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Life Cycle Assessment

What is Life Cycle Assessment (LCA)

LCA is the acronym for Life Cycle Assessment , it is an instrument to analyze the environmental impact of a product across all the phases of its life cycle (e.g. raw materials extraction, production, transport, use, and end-of-life).

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Why using LCA?

LCA makes it possible to look closely at each aspect relative to each component of a product or service, fully investigating the complexity of its entire life cycle. This allows to identify the processes and phases that have the most environmental impact, and thus to get a clear idea of the priority areas to work on first. LCA can be used to improve an existing product or to guide the decision-making process in the creation of a new one.

What’s analyzed with LCA?

When you begin an LCA project, the first task is to identify all the processes involved for each component of a product and its packaging. Subsequently, for each process, data relative to the resources used are collected (e.g., energy, water, etc.), becoming the input, as are those relative to emissions in water, air and soil, becoming the output. Resources and emissions are used to calculate the impact (e.g., eutrophication, ozone layer deplation, acidification, toxicity, etc.).

Example of a LCA analysis

Let’s say we wanted to calculate the impact of a liter of milk in a glass bottle. Where should we start?

From the milking process? From the cow? Or even further upstream?

To produce our milk, we need to consider the life cycle of our cow, which also includes the food it eats. Even the animal's feed is thus included in the analysis, along with the transportation necessary to bring it to the farm. Once the cow has been milked, the milk will be collected, processed and bottled. The distribution of milk, like all other fresh food, requires that the cold chain is uninterrupted: refrigeration must be guaranteed during shipping and at the point of sale, which consumes resources. In the case of milk, the use phase isn’t considered because it's highly dependent on the individual consumer, but the end of life of the bottle is included. For other products, such as computers or airplanes, the use phase has a significant impact.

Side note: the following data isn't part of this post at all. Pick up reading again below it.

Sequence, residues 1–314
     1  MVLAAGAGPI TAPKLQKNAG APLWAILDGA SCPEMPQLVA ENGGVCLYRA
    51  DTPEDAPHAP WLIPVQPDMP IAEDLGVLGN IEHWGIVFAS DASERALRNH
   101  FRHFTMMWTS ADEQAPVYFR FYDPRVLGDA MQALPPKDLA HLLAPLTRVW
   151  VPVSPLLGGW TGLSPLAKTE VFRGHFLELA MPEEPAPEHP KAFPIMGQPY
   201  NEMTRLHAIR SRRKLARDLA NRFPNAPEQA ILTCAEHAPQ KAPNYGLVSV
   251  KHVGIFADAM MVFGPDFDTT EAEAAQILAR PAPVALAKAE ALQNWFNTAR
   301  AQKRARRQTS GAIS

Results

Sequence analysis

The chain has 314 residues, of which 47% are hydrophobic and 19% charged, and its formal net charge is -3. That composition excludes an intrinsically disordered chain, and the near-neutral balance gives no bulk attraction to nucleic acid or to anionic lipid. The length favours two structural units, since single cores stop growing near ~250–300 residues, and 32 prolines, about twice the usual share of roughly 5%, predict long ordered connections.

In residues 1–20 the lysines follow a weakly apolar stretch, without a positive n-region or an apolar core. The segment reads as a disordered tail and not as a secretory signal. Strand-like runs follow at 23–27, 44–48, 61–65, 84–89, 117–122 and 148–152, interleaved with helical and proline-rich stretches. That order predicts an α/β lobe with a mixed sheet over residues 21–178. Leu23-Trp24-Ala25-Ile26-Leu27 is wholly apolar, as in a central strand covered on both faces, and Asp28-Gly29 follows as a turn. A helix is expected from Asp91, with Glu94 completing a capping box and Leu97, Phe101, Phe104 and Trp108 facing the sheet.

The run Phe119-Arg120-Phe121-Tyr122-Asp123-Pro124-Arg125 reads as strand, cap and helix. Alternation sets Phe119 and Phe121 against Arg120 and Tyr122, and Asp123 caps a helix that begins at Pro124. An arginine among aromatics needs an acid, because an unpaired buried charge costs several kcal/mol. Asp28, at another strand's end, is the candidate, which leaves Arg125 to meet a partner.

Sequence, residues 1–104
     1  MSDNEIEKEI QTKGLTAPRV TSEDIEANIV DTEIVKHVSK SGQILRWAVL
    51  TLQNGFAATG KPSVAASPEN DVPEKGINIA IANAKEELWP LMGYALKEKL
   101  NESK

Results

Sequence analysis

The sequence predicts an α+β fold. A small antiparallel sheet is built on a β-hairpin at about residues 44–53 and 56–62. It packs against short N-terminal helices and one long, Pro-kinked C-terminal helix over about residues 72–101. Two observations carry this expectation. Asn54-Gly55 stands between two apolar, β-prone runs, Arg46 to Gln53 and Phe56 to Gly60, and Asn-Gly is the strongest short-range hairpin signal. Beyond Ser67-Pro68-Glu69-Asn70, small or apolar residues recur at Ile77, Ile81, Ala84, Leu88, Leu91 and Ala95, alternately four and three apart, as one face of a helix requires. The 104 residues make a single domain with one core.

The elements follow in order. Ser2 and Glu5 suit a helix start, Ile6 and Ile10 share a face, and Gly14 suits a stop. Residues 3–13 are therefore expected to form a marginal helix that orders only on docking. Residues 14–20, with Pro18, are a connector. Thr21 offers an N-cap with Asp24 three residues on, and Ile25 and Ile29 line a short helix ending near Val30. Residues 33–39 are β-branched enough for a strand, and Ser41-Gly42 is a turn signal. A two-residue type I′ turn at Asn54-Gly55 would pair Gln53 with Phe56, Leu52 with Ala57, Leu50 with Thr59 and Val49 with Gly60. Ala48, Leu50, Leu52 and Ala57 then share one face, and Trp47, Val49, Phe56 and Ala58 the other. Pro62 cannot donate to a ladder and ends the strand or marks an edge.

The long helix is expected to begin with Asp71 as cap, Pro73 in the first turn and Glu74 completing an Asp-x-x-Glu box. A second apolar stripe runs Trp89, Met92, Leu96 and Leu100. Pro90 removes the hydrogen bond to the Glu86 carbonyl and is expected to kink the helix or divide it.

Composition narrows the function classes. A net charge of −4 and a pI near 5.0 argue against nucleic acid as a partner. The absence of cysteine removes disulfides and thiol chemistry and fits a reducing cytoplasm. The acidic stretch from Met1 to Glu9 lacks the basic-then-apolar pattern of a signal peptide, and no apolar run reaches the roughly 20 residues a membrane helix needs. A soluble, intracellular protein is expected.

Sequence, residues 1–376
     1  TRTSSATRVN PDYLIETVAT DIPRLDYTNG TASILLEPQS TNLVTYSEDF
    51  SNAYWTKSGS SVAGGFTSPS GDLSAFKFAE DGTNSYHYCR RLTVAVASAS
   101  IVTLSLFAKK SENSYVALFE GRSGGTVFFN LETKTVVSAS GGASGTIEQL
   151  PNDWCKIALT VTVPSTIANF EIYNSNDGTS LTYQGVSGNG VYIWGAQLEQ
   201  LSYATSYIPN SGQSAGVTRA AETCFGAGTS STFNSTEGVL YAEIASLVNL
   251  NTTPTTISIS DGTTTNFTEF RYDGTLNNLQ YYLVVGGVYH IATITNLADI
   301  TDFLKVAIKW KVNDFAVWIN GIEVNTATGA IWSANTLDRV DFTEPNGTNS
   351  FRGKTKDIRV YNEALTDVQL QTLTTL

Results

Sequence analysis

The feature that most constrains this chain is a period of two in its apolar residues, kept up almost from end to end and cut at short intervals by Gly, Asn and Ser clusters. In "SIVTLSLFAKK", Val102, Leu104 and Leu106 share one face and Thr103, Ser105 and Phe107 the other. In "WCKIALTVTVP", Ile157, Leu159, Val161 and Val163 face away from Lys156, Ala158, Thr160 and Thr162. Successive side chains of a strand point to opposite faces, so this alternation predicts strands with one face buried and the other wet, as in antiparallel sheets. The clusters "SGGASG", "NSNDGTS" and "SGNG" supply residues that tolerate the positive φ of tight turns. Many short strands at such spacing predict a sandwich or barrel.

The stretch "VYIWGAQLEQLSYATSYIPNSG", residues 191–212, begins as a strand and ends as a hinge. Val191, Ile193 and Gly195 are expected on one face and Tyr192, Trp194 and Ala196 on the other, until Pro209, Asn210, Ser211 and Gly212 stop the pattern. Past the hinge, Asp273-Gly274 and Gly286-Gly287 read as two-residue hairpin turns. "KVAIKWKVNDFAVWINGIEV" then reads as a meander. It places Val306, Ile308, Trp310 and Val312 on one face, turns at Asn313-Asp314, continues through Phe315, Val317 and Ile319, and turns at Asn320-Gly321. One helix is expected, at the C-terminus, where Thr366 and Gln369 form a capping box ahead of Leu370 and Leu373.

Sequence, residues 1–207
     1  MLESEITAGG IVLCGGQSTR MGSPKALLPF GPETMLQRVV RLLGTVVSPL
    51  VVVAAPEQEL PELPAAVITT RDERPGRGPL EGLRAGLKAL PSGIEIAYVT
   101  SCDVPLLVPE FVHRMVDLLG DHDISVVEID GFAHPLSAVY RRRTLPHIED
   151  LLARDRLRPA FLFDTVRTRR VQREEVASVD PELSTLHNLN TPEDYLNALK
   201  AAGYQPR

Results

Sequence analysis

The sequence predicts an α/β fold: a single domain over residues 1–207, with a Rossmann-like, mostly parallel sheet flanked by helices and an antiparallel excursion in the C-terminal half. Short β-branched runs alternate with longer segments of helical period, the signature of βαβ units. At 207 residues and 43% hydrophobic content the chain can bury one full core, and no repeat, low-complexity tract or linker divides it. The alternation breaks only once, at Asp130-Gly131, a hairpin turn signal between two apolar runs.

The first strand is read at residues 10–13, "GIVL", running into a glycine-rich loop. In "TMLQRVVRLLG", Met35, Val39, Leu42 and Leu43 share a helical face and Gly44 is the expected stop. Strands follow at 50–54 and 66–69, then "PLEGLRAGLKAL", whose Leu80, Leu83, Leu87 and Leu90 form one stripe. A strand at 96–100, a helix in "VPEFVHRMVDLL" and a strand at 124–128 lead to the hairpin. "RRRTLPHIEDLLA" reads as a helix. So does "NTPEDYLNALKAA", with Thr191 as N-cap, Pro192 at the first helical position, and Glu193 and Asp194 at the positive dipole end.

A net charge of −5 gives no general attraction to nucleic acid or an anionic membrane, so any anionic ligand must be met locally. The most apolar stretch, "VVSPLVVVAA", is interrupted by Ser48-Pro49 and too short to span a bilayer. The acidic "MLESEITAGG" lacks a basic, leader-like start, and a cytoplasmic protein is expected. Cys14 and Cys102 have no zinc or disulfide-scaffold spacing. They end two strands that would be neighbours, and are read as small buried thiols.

The assessment goes deeper into the single phases. To analyze the feed of our cow, the entire agricultural cycle has to be considered, starting from the preparation of the soil, the planting of seeds, tending to them, up to their growth and harvest. It then continues in the industrial phase, which ends with packaging and transport.

The starring cow of this example is also a life cycle within the life cycle. She’s a peculiar case, however, because she provides different products, such as milk, meat and leather. The methodological choice to make in this case is to decide how to allocate the impact of this cycle among the different co-products.

Life Cycle Assessment also considers the packaging. In this case, as an example, we’ll only consider the glass bottle, but it could also have a paper label glued to the bottle, which should be included. Moreover, the secondary packaging of the empty glass bottle and the secondary packaging that’s used to ship the bottles of milk to stores (for example, cardboard boxes) should also be included.

The entire life cycle of the fridge that holds our bottle of milk at the supermarket will also be examined. Over the years, the refrigerator will hold X bottles of milk, so the milk bottle must be assigned 1/X of the impact of the fridge.

Likewise, we have to consider the life cycle of all the means of transport included in our life cycle, such as the ship that brings the feed to the farm or the refrigerated truck that brings the milk bottles to the supermarket. Once again, an impact proportional to the percent for our liter of milk will be assigned.

Continuing along in this way, the pasteurization plant, warehouse and bottling plant will be considered, as will the manufacturing plant for the bottle and the other containers and packaging.

And so on, including the analysis of each process and phase, and their various implications.

LCA is considered the ecodesign tool par excellence.

  • Ciclo di vita del latte
  • Ciclo di vita del latte (LCA), schema step 1
  • Ciclo di vita del latte (LCA), schema step 2
  • Ciclo di vita del latte (LCA), schema step 3
  • Ciclo di vita del latte (LCA), schema step 4
  • Ciclo di vita del latte (LCA), schema step 5
  • Ciclo di vita del latte (LCA), schema step 6
  • Ciclo di vita del latte (LCA), schema step 7
  • Ciclo di vita del latte (LCA), schema step 8

How to perform an LCA study?

The four phases of Life Cycle Assessment (LCA) are: Goal and scope definition, Inventory, Impact Assessment, Interpretation.

  1. Goal and scope definition: the aim of the study, the functional unit, the reference flow, the product system and the breadth and depth of the study are established;
  2. Life Cycle Inventory (LCI): this is the second phase of an LCA, in which the relevant inputs and outputs of the product system under study throughout the entire life cycle are, as far as possible, compiled and quantified;